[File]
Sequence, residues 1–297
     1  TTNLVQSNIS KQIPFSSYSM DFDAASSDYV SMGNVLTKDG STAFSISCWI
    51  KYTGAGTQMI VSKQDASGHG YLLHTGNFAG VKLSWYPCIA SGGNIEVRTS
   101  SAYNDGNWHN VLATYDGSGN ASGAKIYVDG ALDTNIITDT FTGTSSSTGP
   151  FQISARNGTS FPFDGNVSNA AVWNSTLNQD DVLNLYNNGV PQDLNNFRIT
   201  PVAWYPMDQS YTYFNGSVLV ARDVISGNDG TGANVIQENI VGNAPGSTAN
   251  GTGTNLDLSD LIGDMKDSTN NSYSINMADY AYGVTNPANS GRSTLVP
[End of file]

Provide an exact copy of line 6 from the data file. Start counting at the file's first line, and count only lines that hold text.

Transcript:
   201  PVAWYPMDQS YTYFNGSVLV ARDVISGNDG TGANVIQENI VGNAPGSTAN